This is the key scripture in the argument against the sectarian, “by grace ye are saved” doctrine. The sectarian doctrine teaches that as soon as one accepts Jesus Christ as their Savior, the individual is saved. Being saved, then, is a single event in time and space which takes place when one accepts Christ. The reason why this doctrine is so unacceptable is not because of the words used, for it truly is “by grace that we are saved.” Rather the doctrine is unacceptable because of how the sectarians have interpreted it and the implications of the interpretation. If salvation comes as easily as that—by a cursory acceptance of Christ—it implies that an individual has no responsibility to follow God after being saved. Theoretically, one could accept Christ today, then return to a wicked life tomorrow and still expect salvation. On the other hand, the individual who accepts Christ and then devotes the rest of his/her entire life to following the Master can expect no greater reward than the former individual. Such a doctrine denies the justice of God.
In reality, the individual who “accepts Christ” and then returns to living a wicked life never really accepted Christ in the first place. A cursory acceptance and a few monetary donations do not make a disciple of Christ. This Nephi passage makes it clear that we have some responsibility in the relationship—it guarantees salvation by grace after all we can do. After one has started on the path of discipleship, Nephi clearly teaches what must take place next, after ye have gotten into this strait and narrow path, I would ask if all is done? Behold, I say unto you, Nay…ye must press forward with a steadfastness in Christ, having a perfect brightness of hope, and a love of God and of all men. Wherefore, if ye shall press forward, feasting upon the word of Christ, and endure to the end, behold, thus saith the Father: ye shall have eternal life (2 Nephi 31:20).
There is a doctrinal spectrum with faith on one end and works on the other. Paul was teaching people who thought that salvation came through the works of the Law of Moses, so he emphasized faith and grace. Many latter-day saints respond to the sectarian emphasis on grace and faith with an emphasis on works. In doing so, their teachings become reactionary—they overemphasize the importance of works. The best place to be in the Faith-Works Spectrum is right in the middle. We need to understand that faith without works is dead (James 2:17), but also that works without faith are dead. Indeed, the more we understand about the process of salvation, the more we understand that it is not our righteousness that gets us there. This is beautifully taught by Stephen E. Robinson:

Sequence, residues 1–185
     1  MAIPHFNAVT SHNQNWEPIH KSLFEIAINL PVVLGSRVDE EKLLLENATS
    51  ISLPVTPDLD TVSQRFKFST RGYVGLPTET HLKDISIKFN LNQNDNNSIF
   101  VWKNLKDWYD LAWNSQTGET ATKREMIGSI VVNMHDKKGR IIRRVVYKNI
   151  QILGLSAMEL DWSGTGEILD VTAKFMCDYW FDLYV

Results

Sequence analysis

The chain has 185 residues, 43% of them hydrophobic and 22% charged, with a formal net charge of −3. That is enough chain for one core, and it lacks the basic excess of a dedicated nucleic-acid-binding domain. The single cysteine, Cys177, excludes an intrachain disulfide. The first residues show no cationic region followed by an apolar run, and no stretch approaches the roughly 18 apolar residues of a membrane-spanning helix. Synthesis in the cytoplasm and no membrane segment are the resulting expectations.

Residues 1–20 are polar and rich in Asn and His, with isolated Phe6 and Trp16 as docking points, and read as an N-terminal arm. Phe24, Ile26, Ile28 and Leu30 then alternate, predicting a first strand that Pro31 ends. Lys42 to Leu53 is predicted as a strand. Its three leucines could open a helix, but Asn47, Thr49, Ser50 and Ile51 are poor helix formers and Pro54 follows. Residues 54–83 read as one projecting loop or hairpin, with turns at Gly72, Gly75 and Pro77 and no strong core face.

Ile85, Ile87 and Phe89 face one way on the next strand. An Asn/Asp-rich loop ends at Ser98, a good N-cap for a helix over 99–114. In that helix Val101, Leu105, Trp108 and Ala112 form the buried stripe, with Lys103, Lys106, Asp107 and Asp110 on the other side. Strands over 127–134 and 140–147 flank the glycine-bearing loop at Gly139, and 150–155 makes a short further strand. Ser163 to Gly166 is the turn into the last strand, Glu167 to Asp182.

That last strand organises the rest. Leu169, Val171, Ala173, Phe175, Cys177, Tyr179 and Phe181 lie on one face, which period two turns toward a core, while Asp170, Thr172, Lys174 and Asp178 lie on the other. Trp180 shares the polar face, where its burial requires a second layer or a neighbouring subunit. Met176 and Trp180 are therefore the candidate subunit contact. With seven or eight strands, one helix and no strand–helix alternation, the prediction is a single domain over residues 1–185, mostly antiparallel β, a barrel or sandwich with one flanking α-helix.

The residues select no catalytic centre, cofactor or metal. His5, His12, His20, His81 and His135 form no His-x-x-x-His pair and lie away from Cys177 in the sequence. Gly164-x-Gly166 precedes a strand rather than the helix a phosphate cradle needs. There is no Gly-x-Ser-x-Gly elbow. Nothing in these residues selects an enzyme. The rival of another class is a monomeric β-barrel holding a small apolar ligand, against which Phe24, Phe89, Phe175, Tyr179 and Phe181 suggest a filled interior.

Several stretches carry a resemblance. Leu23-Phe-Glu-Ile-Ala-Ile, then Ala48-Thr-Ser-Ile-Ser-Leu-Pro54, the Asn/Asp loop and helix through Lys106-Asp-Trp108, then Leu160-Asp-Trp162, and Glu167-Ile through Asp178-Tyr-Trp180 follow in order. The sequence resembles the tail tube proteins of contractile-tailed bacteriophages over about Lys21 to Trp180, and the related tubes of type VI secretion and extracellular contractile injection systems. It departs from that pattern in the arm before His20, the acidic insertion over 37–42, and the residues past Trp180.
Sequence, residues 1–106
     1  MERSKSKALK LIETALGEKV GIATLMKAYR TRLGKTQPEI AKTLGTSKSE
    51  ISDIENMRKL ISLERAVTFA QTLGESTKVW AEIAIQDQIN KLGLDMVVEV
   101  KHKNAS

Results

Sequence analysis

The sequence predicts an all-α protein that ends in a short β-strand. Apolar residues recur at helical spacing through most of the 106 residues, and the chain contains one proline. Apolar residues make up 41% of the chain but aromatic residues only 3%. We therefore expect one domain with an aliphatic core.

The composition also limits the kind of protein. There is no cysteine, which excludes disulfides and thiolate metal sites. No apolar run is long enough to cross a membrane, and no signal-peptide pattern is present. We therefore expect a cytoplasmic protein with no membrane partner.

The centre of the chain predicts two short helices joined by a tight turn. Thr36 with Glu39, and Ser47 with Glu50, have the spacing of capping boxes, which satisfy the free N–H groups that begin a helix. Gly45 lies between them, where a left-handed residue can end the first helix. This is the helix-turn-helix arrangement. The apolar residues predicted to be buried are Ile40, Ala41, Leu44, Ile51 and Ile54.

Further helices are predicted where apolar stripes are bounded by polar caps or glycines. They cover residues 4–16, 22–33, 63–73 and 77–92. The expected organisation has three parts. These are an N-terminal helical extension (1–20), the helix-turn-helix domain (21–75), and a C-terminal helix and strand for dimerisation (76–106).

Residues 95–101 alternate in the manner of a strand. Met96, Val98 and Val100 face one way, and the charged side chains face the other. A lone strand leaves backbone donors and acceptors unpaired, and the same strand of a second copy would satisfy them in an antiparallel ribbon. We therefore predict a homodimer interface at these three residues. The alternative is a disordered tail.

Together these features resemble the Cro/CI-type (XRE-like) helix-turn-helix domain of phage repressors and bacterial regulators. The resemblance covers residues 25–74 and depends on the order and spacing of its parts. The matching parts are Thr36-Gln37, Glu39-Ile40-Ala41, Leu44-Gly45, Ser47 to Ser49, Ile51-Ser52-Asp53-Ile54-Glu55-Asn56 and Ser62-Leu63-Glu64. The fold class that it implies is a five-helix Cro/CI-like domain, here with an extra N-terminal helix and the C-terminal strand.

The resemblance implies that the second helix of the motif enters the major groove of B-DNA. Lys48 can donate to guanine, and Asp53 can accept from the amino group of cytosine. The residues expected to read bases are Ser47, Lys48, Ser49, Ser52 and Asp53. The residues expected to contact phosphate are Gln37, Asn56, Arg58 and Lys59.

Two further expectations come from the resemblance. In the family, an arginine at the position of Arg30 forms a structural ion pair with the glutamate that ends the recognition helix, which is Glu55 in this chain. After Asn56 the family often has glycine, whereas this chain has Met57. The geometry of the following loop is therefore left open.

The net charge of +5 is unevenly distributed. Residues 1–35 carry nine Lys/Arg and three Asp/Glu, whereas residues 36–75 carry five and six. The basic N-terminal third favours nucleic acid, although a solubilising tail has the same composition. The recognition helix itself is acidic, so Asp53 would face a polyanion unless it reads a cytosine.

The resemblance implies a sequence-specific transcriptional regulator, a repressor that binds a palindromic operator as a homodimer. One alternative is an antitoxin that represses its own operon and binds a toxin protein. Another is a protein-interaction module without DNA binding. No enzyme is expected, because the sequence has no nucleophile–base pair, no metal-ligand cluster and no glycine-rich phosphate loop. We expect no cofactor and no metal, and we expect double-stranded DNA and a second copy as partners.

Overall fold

"At first glance at this scripture (2 Nephi 25:23), we might think that grace is offered to us only chronologically after we have completed doing all we can do, but this is demonstrably false, for we have already received many manifestations of God’s grace before we even come to this point. By his grace, we live and breathe. By grace, we are spiritually begotten children of heavenly parents and enjoy divine prospects…The grace of God has been involved in our spiritual progress from the beginning and will be involved in our progress until the end.
"It therefore belittles God’s grace to think of it as only a cherry on top added at the last moment as a mere finishing touch to what we have already accomplished on our own without any help from God. Instead the reverse would be a truer proposition: our efforts are the cherry on top added to all that God has already done for us.